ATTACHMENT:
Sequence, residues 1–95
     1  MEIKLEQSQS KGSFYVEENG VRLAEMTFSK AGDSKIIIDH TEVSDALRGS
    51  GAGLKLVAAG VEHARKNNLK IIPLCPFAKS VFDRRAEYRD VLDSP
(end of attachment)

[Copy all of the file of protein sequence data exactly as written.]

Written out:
Sequence, residues 1–95
     1  MEIKLEQSQS KGSFYVEENG VRLAEMTFSK AGDSKIIIDH TEVSDALRGS
    51  GAGLKLVAAG VEHARKNNLK IIPLCPFAKS VFDRRAEYRD VLDSP